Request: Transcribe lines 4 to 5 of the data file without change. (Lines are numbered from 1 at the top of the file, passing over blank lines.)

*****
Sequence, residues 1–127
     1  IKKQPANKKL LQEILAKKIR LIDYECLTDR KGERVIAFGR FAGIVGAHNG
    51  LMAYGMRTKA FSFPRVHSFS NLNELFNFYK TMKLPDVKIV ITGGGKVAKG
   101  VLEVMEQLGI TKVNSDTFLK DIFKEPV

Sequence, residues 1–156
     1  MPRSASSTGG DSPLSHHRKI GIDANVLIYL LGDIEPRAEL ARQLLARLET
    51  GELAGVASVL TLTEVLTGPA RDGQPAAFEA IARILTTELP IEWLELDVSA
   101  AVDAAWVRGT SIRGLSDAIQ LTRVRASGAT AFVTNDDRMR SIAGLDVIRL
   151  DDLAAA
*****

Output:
   101  VLEVMEQLGI TKVNSDTFLK DIFKEPV

Sequence, residues 1–156